Ignore for a moment that it was probably caused by a tiny drop of water on the lens. Put out of your mind the idea that it is an imperfection. The chromatic aberation on the right hand side of the wall makes it look like Aberlour is at the bottom of the rainbow but instead of a pot of gold there will be some pretty decent whisky. I know this because A’bunadh is one of my stock favourites, a rich, round drink that suits a winter’s evening when you can sit back snug, smile to yourself, and think that the world is not such a bad place, no matter how wild the weather outside. (Actually it suits any time of year (ed))
However my prejudice in favour of this distillery did not cause me to have the forethought to book up a tour well in advance. I turned up, expecting it to be straightforward to find a slot, if not on the day at least on some other day of the week – but it was not to be. No places available before we had to go back home. That’ll learn me for being lackadaisical!
So what can I tell you? Well I can start by saying that the distillery was founded in 1879 on the site of Saint Drostan’s well but if you look at the emblem it tells you that. It is a representation of the well, with the date. The thing you need to know about Saint Drostan is that he was famed for his miracle cures so by extension this whisky should be classified as medicinal. So on the afore mentioned wild winter’s night, when it is making you feel just that little bit more content, remember it is not an illusion, it is genuine healing.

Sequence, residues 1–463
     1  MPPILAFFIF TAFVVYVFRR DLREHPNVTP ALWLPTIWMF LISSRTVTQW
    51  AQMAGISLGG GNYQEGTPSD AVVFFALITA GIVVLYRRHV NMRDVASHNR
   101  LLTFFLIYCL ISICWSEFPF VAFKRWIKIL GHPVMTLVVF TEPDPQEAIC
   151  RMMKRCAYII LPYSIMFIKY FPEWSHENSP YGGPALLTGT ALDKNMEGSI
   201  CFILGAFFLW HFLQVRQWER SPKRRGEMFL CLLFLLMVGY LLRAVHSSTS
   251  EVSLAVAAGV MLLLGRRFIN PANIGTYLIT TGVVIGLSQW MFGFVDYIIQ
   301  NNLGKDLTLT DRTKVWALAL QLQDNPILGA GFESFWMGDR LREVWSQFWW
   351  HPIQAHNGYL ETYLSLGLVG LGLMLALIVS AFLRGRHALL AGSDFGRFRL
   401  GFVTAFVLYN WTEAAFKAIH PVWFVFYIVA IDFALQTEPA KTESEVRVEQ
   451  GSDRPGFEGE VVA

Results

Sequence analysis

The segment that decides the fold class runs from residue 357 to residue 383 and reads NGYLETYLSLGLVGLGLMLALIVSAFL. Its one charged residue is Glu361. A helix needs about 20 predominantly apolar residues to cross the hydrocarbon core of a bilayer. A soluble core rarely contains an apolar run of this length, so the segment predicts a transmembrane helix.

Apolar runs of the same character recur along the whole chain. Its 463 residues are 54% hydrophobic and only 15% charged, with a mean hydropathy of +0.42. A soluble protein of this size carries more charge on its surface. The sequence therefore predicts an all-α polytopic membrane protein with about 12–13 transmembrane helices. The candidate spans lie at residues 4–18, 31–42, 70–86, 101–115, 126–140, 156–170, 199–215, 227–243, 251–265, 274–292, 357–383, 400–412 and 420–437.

As for the distillery itself – there is something rather cosy about it. You can almost drive by and not notice it is there. It is remarkably unimposing being a cluster of buildings sheltering under the lee of the hill. It actually looks smaller than it really is as it has a capacity of 3,800,000 litres per year and so is solidly in mid table for distillery capacity. It is also the favourite single malt in France and France consumes more whisky than any other European country. So Aberlour is more than the little brother of Glenlivet; it has a substantial presence of its own. Having said that there could not be a greater contrast in the visitor reception area. Instead of a well designed building with plenty of space of circulation and browsing, there is a cramped little room that feels crowded with 6 of us. But it was cosy and very friendly. I got into conversation with the member of staff and another couple, who were visiting and we all nattered about whisky, places to visit and our preferences. It was very convivial and part of what makes going to distilleries a joy – there is engagement and enjoyment from everyone involved. It reinforced my prejudice – I really do like Aberlour.
But back to the whisky. I had a tasting of the non chill-filtered 12 yr old and it was very good. When my current bottle of A’bunadh runs dry I might replace it with this.